- The Washington Times - Saturday, January 23, 2016

New York Governor Andrew M. Cuomo issued a travel ban Saturday to include all New York City and Long Island roads as a blizzard bears down on the northeast, bringing with it up to 30 inches of snow.

The travel ban, which also includes New Jersey bridges and tunnels heading into New York City, takes effect at 2:30 p.m. Saturday and any motorists out the street after that time could be issued tickets and fines.

“Safety is our number one priority – and right now, it is not safe for the general public to travel,” Mr. Cuomo said. “Closing the roads and exterior rail roads and subways is the right thing to do in this situation, because it helps emergency personnel do their jobs and respond to the storm as aggressively as possible.”

Above ground subways in New York will also be canceling service as of 4 p.m. Saturday. Only emergency vehicles, hazard vehicles and critical healthcare personnel will be allowed on the closed roadways.

The National Weather Service has issued a winter storm warning through 7 a.m. Sunday for the New York area, and is forecasting snow accumulations between 24 and 30 inches.

The same winter storm has already dropped upwards of 16 inches of snow in the nation’s capital.

SEE ALSO: March for Life groups stranded for hours in northeast blizzard

In the District of Columbia, local leaders did not issue a travel ban but have encouraged residents to stay in their homes through the duration of the storm.

“People walking down the street in the middle of the street is very dangerous for vehicle operators and very dangerous for you,” said D.C. Mayor Muriel Bowser in a Saturday morning news conference. “There are too many residents on the streets. We need you to stay home.”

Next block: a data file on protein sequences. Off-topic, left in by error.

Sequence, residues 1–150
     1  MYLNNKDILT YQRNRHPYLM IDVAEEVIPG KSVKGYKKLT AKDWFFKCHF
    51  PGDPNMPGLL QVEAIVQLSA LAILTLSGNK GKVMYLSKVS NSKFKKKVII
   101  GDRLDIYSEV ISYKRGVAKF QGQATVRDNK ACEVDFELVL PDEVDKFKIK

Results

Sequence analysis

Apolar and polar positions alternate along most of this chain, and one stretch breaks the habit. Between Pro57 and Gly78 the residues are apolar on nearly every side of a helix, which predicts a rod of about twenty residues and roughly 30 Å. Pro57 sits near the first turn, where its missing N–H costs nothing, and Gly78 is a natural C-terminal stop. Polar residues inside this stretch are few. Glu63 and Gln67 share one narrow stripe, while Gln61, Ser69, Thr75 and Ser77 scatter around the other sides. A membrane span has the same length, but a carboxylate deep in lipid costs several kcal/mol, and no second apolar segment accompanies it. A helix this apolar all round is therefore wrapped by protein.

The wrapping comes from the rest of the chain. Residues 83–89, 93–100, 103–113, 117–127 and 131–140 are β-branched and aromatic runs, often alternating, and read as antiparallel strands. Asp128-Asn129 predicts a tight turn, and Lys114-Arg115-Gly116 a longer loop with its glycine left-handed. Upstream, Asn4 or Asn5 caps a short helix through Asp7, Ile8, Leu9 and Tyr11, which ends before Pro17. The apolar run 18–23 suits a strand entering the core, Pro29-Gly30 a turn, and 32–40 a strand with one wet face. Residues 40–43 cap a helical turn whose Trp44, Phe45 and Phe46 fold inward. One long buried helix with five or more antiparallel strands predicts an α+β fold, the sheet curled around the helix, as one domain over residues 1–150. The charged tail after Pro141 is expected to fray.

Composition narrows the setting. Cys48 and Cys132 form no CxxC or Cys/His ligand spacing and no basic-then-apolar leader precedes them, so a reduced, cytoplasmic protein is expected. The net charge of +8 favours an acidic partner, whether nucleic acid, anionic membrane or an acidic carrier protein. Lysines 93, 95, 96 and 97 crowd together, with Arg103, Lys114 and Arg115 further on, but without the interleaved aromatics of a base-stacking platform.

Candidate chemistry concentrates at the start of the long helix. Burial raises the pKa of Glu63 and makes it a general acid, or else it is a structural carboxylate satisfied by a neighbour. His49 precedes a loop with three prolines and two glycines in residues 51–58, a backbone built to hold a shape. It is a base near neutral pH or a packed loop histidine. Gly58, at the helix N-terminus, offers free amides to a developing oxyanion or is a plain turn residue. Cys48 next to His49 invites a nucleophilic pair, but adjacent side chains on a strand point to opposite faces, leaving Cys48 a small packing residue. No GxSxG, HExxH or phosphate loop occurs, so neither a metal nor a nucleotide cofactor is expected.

Through D.C. government Twitter accounts, officials issued warnings throughout the day urging those who had ventured out to return home.

“DC residents, as light begins to diminish, we need you to start getting off the streets. You’re making the situation difficult for our crews,” the District’s Department of Transportation tweeted.

All public transportation was cancelled in the District over the weekend, limiting transportation options for residents who did venture outside.

During a brief afternoon lull in the storm Saturday, residents ventured out to grab a few necessities like gas or headed to a smattering of bars and restaurants that were open. A few adventurous residents could even be seen snowboarding behind an SUV on city streets.

“I don’t know what a travel ban would have gotten us,” said Chris Geldart, director of the District’s Homeland Security and Emergency Management Agency.

As of Saturday morning, D.C. officials said they had no reports of fatalities related to the storm. However in neighboring Prince George’s County, officials reported that one man had suffered a heart attack and died Saturday while shoveling snow.

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